up vote 48 down vote accepted

Expanding on user71404's answer:

int f(unsigned x)
    if (x <= INT_MAX)
        return static_cast<int>(x);

    if (x >= INT_MIN)
        return static_cast<int>(x - INT_MIN) + INT_MIN;

    throw x; // Or whatever else you like

If x >= INT_MIN (keep the promotion rules in mind, INT_MIN gets converted to unsigned), then x - INT_MIN <= INT_MAX, so this won't have any overflow.

If that is not obvious, take a look at the claim "If x >= -4u, then x + 4 <= 3.", and keep in mind that INT_MAX will be equal to at least the mathematical value of -INT_MIN - 1.

On the most common systems, where !(x <= INT_MAX) implies x >= INT_MIN, the optimizer should be able (and on my system, is able) to remove the second check, determine that the two return statements can be compiled to the same code, and remove the first check too. Generated assembly listing:

    movl    4(%esp), %eax

The hypothetical implementation in your question:

  • INT_MAX equals 32767
  • INT_MIN equals -232 + 32768

is not possible, so does not need special consideration. INT_MIN will be equal to either -INT_MAX, or to -INT_MAX - 1. This follows from C's representation of integer types (, which requires n bits to be value bits, one bit to be a sign bit, and only allows one single trap representation (not including representations that are invalid because of padding bits), namely the one that would otherwise represent negative zero / -INT_MAX - 1. C++ doesn't allow any integer representations beyond what C allows.

Update: Microsoft's compiler apparently does not notice that x > 10 and x >= 11 test the same thing. It only generates the desired code if x >= INT_MIN is replaced with x > INT_MIN - 1u, which it can detect as the negation of x <= INT_MAX (on this platform).

[Update from questioner (Nemo), elaborating on our discussion below]

I now believe this answer works in all cases, but for complicated reasons. I am likely to award the bounty to this solution, but I want to capture all the gory details in case anybody cares.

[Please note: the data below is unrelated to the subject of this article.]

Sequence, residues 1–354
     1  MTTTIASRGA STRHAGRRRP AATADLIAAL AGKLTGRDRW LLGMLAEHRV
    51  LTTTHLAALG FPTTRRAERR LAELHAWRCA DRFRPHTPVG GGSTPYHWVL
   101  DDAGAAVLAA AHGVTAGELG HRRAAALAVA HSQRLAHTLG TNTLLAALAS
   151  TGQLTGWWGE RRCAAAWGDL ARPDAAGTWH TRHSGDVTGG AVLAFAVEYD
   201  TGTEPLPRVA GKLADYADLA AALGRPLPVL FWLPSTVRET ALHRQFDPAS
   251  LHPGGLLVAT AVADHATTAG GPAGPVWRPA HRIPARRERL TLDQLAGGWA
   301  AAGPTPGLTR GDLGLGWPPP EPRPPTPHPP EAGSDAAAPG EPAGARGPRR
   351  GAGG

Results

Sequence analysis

Let's start with C++11, section 18.3.3:

Table 31 describes the header <climits>.


The contents are the same as the Standard C library header <limits.h>.

Here, "Standard C" means C99, whose specification severely constrains the representation of signed integers. They are just like unsigned integers, but with one bit dedicated to "sign" and zero or more bits dedicated to "padding". The padding bits do not contribute to the value of the integer, and the sign bit contributes only as twos-complement, ones-complement, or sign-magnitude.

Since C++11 inherits the <climits> macros from C99, INT_MIN is either -INT_MAX or -INT_MAX-1, and hvd's code is guaranteed to work. (Note that, due to the padding, INT_MAX could be much less than UINT_MAX/2... But thanks to the way signed->unsigned casts work, this answer handles that fine.)

C++03/C++98 is trickier. It uses the same wording to inherit <climits> from "Standard C", but now "Standard C" means C89/C90.

All of these -- C++98, C++03, C89/C90 -- have the wording I give in my question, but also include this (C++03 section 3.9.1 paragraph 7):

The representations of integral types shall define values by use of a pure binary numeration system.(44) [Example: this International Standard permits 2’s complement, 1’s complement and signed magnitude representations for integral types.]

Footnote (44) defines "pure binary numeration system":

A positional representation for integers that uses the binary digits 0 and 1, in which the values represented by successive bits are additive, begin with 1, and are multiplied by successive integral power of 2, except perhaps for the bit with the highest position.

What is interesting about this wording is that it contradicts itself, because the definition of "pure binary numeration system" does not permit a sign/magnitude representation! It does allow the high bit to have, say, the value -2n-1 (twos complement) or -(2n-1-1) (ones complement). But there is no value for the high bit that results in sign/magnitude.